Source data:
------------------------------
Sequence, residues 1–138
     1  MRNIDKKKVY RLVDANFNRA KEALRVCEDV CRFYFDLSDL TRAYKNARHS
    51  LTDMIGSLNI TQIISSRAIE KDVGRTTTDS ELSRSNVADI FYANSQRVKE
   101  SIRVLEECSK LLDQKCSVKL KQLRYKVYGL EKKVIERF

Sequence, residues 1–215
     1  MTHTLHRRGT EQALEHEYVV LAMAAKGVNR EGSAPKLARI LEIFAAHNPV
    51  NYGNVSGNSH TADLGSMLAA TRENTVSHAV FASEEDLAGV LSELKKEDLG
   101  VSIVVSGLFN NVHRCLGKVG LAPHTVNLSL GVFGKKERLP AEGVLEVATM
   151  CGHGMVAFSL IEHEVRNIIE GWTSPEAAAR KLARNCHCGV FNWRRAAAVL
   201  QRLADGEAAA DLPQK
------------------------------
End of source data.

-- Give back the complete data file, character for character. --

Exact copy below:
Sequence, residues 1–138
     1  MRNIDKKKVY RLVDANFNRA KEALRVCEDV CRFYFDLSDL TRAYKNARHS
    51  LTDMIGSLNI TQIISSRAIE KDVGRTTTDS ELSRSNVADI FYANSQRVKE
   101  SIRVLEECSK LLDQKCSVKL KQLRYKVYGL EKKVIERF

Sequence, residues 1–215
     1  MTHTLHRRGT EQALEHEYVV LAMAAKGVNR EGSAPKLARI LEIFAAHNPV
    51  NYGNVSGNSH TADLGSMLAA TRENTVSHAV FASEEDLAGV LSELKKEDLG
   101  VSIVVSGLFN NVHRCLGKVG LAPHTVNLSL GVFGKKERLP AEGVLEVATM
   151  CGHGMVAFSL IEHEVRNIIE GWTSPEAAAR KLARNCHCGV FNWRRAAAVL
   201  QRLADGEAAA DLPQK